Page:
4. The Magistrate then proceeded to take evidence regarding possession Under Section 145(4). I find from the decipherable portion of the order-sheet of the Magistrate that the taking of oral evi- dence of 6 P Ws. and 7 D. Ws. covered the period from 20-10-55 to 1-8-56 and that arguments were heard only on 22-5-57 and 25-5-57. But it took another month for the Magistrate to pass his order. Such a leisurely way of dealing with the summary proceedings Under Section 145 must be severely con demned.
If only the Magistrate had cared to read the amended Section which had come into force by then, he would have seen that such proceedings should be _ concluded within a period of two months. But the present proceedings took 2 1/2 years to complete. On 24-6-57 line Magistrate proceeded to pass an order stating that from the evidence adduced before him it was a case of civil dispute but that he did not find any trace of evidence showing any apprehension of a breach of the peace and that as the very foundation for a proceeding Under Section 145 Cr. P.C. was wanting he was not empowered to proceed any further. So he dismissed the application.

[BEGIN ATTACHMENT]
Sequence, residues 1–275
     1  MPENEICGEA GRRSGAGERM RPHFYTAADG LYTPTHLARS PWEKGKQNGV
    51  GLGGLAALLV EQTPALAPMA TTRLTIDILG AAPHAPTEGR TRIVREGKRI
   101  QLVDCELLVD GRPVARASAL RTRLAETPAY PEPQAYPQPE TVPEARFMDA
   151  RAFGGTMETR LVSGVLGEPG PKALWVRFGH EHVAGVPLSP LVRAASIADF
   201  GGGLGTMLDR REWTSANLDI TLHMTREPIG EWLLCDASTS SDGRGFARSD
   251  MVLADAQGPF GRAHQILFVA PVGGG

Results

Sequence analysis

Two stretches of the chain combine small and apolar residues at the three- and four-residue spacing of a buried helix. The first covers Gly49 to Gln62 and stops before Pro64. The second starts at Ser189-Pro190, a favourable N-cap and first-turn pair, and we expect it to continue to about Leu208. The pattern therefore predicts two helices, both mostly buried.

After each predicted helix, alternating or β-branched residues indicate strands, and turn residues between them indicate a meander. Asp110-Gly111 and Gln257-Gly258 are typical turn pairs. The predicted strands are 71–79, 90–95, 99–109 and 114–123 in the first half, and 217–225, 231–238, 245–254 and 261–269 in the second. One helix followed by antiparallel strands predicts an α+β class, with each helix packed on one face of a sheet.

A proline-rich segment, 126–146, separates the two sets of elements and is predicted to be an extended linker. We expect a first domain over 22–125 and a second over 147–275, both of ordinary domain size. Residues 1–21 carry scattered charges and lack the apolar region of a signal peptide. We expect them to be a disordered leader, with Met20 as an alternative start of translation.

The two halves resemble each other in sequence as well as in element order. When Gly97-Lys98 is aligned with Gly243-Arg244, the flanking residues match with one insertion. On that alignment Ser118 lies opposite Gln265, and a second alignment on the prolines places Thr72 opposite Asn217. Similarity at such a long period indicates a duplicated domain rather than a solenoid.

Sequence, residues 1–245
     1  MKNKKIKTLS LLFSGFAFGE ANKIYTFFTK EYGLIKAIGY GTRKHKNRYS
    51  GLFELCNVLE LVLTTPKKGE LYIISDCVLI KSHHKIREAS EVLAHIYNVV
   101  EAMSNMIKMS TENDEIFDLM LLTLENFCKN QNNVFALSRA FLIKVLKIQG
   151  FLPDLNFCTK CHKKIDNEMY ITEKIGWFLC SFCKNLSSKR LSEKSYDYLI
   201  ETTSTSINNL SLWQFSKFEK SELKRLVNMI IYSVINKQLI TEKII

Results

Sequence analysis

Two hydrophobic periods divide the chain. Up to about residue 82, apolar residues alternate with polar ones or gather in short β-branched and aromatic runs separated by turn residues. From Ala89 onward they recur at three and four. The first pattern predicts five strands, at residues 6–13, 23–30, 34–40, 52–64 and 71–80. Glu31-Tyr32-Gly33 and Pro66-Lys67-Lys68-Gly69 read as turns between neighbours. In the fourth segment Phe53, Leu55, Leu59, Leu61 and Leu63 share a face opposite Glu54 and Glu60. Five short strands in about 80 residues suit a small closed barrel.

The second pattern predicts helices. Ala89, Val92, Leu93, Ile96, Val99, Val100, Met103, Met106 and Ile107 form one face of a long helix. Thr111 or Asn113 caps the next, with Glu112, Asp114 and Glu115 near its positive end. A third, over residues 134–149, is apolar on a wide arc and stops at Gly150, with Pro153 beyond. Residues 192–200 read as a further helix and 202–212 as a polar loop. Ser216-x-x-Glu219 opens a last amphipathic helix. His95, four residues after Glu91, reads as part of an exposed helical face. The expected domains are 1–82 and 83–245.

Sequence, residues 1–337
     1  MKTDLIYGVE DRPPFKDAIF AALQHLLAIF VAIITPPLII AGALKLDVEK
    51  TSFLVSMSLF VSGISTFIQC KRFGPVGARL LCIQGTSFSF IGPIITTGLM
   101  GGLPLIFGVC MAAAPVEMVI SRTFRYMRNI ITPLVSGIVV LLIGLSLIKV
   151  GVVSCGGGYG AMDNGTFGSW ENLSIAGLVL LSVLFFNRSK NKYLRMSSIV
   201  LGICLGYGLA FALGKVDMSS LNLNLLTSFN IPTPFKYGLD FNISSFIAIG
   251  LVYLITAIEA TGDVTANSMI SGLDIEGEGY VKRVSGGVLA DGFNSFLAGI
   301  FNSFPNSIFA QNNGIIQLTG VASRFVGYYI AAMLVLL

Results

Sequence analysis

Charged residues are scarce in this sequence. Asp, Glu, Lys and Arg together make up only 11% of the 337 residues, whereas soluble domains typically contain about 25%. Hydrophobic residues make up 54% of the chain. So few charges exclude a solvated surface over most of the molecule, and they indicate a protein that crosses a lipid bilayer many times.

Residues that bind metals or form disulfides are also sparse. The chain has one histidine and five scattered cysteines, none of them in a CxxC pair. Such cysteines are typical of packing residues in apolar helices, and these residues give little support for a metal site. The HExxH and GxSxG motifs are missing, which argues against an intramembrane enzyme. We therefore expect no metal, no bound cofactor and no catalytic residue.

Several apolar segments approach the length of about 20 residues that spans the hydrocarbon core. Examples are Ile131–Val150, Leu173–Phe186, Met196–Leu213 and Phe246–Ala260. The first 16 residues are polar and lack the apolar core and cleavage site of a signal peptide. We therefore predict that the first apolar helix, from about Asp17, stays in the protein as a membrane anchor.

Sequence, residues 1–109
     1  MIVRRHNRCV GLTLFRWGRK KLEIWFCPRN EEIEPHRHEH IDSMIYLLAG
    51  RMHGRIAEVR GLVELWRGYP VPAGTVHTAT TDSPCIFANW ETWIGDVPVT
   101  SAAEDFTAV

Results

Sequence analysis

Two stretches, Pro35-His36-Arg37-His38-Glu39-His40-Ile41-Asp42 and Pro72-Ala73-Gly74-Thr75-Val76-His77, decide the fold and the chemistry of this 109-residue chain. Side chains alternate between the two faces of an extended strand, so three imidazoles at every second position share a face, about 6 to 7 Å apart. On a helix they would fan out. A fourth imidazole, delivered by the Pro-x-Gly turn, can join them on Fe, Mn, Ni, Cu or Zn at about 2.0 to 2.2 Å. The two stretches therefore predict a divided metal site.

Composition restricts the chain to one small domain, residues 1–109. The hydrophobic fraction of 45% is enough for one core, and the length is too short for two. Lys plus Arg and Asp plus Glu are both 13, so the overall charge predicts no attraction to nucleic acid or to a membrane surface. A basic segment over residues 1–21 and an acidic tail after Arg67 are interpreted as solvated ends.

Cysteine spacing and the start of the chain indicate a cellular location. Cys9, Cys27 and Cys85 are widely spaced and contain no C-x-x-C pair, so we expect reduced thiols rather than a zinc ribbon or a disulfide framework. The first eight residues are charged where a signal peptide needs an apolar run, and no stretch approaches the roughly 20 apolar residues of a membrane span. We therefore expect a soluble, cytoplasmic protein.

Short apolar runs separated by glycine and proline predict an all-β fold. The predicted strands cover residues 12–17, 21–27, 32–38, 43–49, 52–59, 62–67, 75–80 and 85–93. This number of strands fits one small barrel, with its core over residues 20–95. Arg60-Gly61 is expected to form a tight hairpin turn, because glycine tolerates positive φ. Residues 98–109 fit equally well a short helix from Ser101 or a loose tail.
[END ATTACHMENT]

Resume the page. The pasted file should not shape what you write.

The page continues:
When the matter was taken in revision to the Sessions Judge, he held that on the evidence before ,. the Magistrate it cannot be said that the view taken by the Magistrate was not a possible view and that mere existence of the dispute without any present fear of the breach of the peace was not sufficient to give jurisdiction to the Magistrate and that he was therefore not in a position to interfere with the Magistrate's order. But he also stated that it was an unhappy order on the part of the Magistrate and that he felt sorry that he was not in a position to give any relief. He therefore dismissed 'the revision petition. It is under those circumstances that the first party have filed the revision petition.
5. I have no hesitation in coming to the conclusion that the order of the Magistrate dropping the proceedings two and a half years after it was started on the ground that there was no apprehension of the breach of the peace, and without deciding the question as to who was in possession of the property on the evidence before him is totally perverse. There is no doubt that when he drew up proceedings Under Section 144 on the application of the first party he was satisfied that he apprehended a breach of the peace.
The Police report also satisfied him that there was likelihood of such a breach on account of the existence of a dispute between the first party and the second party. Even the second party appeared before him and stated that they feared a breach of the peace. The second party even prayed for the proceedings being converted into Section 145. The Magistrate also was satisfied that the proceedings had to be continued Under Section 145. Thus when the proceedings began both parties and the Police . and the Magistrate were agreed that the necessary condition existed for taking proceedings Under Section 145.